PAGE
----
Uzbekistan Accuses Neighbors of Aiding Rebels: Youths Trained in Chechnya, Afghanistan, Officials Say

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Officials from the Central Asian nation of Uzbekistan yesterday accused the governments of Afghanistan, Pakistan, Iran and Chechnya of training hundreds of Uzbek youths to wage a "holy war" of terror in the former Soviet republic.

A group of fundamentalist Muslim rebels were behind a string of explosions in the capital of Tashkent in February directed at President Islam Karimov, officials told reporters and analysts at the National Press Club in Washington.

Uzbek Ambassador Sodyq Safaev said that Chechen militants, as well as factions led by exiled Saudi dissident Osama bin Laden, are behind terrorists attacks in his country.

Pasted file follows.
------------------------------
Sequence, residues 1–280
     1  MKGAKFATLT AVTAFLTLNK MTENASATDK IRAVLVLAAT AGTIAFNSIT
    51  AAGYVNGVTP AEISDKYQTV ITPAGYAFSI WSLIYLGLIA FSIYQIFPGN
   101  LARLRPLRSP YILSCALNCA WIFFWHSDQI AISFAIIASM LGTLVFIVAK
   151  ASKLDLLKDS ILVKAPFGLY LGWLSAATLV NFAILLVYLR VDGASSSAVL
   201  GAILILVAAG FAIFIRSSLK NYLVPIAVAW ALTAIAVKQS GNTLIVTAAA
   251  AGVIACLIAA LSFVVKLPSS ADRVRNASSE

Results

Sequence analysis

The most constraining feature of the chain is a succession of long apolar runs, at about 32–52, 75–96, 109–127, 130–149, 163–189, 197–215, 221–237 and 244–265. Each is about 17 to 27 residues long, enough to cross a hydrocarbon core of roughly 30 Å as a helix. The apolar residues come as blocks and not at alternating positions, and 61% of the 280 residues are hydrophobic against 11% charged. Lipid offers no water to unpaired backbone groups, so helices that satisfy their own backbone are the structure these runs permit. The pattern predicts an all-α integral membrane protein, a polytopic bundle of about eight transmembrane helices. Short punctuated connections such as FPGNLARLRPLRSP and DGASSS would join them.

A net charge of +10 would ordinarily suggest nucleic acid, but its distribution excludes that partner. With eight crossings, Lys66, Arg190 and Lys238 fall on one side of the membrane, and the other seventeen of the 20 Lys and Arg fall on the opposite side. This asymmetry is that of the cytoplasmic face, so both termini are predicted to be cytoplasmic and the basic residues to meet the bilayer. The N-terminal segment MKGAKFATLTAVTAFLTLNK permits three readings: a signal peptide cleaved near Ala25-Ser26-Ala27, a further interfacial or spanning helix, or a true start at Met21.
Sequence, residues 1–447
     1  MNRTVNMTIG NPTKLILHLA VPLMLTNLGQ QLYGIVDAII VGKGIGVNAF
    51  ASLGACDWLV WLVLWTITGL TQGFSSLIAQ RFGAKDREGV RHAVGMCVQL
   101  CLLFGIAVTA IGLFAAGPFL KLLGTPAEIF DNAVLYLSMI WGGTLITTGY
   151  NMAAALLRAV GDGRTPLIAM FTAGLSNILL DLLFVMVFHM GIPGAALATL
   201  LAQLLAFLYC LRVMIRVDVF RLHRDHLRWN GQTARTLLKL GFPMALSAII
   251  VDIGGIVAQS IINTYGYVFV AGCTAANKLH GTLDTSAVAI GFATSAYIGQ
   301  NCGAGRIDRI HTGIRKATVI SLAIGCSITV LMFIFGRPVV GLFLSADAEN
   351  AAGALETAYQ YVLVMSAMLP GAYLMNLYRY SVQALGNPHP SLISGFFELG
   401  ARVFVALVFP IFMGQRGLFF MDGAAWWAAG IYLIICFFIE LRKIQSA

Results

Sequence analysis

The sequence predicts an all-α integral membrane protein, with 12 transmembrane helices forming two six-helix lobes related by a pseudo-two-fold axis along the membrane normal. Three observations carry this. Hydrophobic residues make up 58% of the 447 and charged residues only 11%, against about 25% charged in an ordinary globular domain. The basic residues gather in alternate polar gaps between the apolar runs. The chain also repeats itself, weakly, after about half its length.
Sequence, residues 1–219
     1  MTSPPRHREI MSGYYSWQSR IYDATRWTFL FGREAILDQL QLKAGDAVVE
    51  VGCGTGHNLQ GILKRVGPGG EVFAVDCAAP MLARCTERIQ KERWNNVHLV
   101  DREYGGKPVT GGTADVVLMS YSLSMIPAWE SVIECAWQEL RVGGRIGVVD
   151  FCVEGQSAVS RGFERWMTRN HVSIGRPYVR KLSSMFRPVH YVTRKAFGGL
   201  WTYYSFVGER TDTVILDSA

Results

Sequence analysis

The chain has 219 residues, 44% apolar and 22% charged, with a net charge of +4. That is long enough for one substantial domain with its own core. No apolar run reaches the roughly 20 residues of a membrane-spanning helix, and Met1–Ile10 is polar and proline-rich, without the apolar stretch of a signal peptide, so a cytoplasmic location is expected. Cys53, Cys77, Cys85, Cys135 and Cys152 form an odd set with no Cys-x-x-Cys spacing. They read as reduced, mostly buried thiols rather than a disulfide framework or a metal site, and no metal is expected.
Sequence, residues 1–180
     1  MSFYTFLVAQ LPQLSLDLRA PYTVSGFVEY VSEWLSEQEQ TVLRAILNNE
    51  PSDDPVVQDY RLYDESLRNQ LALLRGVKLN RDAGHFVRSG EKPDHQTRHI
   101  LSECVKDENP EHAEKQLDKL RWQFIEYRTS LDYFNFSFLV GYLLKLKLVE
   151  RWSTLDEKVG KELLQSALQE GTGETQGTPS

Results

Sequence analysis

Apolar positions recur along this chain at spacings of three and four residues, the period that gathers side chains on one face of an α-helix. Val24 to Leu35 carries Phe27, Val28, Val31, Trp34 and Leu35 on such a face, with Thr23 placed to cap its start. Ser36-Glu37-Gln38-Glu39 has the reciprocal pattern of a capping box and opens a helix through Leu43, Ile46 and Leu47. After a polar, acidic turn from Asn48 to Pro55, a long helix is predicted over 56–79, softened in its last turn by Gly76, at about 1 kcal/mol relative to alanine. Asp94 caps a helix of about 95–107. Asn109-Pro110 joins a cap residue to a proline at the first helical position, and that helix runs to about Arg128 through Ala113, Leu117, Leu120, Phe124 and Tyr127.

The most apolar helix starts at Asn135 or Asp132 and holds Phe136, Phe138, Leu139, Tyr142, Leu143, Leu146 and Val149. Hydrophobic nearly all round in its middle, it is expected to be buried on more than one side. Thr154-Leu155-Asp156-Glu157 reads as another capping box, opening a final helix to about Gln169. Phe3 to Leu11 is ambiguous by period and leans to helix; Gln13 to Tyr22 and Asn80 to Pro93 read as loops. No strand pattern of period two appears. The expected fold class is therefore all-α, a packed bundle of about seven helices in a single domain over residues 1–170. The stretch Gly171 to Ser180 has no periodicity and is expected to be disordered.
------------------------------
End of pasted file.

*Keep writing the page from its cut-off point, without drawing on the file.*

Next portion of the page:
Bin Laden is believed responsible for twin U.S. embassy bombings in Africa that killed more than 200 last year.

The ambassador also named warlord Juma Namangan as one of the perpetrators. In the mid-1990s the warlord fought with Islamic rebels in a civil war in neighboring Tajikstan, and later with the now-ruling Taleban in Afghanistan.

"Some of the Uzbek groups have been recruited and trained in military camps in the Chechen Republic," Mr. Safaev said.

He said Uzbek youths also have gone to Afghanistan for training. "They have announced a [holy war] against the government of Uzbekistan," he said.

Outbreaks of violence have become common in Uzbekistan and other parts of Central Asia, where Islamic groups have squared off against secular governments established after the Soviet collapse in 1991.

Pakistan's political attache, Naeem Khan, denied any connection between his government and terrorism in Uzbekistan.

"Pakistan has been itself victim of terrorism. …